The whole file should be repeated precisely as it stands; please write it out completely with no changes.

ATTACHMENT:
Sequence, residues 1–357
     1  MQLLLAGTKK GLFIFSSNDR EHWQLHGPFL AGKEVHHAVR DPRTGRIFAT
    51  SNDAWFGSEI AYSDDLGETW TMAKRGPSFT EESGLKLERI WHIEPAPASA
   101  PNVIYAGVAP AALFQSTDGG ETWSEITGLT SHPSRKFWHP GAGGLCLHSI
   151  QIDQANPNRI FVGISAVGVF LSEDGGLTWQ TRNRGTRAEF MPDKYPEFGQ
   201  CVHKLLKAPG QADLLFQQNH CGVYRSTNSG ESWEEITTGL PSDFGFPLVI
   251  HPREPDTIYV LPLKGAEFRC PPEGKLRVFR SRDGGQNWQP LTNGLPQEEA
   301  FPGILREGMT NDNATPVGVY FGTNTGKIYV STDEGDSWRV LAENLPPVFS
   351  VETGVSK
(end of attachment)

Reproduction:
Sequence, residues 1–357
     1  MQLLLAGTKK GLFIFSSNDR EHWQLHGPFL AGKEVHHAVR DPRTGRIFAT
    51  SNDAWFGSEI AYSDDLGETW TMAKRGPSFT EESGLKLERI WHIEPAPASA
   101  PNVIYAGVAP AALFQSTDGG ETWSEITGLT SHPSRKFWHP GAGGLCLHSI
   151  QIDQANPNRI FVGISAVGVF LSEDGGLTWQ TRNRGTRAEF MPDKYPEFGQ
   201  CVHKLLKAPG QADLLFQQNH CGVYRSTNSG ESWEEITTGL PSDFGFPLVI
   251  HPREPDTIYV LPLKGAEFRC PPEGKLRVFR SRDGGQNWQP LTNGLPQEEA
   301  FPGILREGMT NDNATPVGVY FGTNTGKIYV STDEGDSWRV LAENLPPVFS
   351  VETGVSK